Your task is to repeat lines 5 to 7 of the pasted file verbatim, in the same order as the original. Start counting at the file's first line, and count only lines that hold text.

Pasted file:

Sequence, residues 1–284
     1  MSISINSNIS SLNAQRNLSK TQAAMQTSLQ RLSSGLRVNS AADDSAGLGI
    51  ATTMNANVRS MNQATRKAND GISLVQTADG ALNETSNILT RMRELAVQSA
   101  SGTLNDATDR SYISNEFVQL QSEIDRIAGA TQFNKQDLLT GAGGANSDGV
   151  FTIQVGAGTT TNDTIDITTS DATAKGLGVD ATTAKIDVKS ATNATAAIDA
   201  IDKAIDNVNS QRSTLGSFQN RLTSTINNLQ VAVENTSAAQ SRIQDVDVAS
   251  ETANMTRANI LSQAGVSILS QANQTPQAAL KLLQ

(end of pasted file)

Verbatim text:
   151  FTIQVGAGTT TNDTIDITTS DATAKGLGVD ATTAKIDVKS ATNATAAIDA
   201  IDKAIDNVNS QRSTLGSFQN RLTSTINNLQ VAVENTSAAQ SRIQDVDVAS
   251  ETANMTRANI LSQAGVSILS QANQTPQAAL KLLQ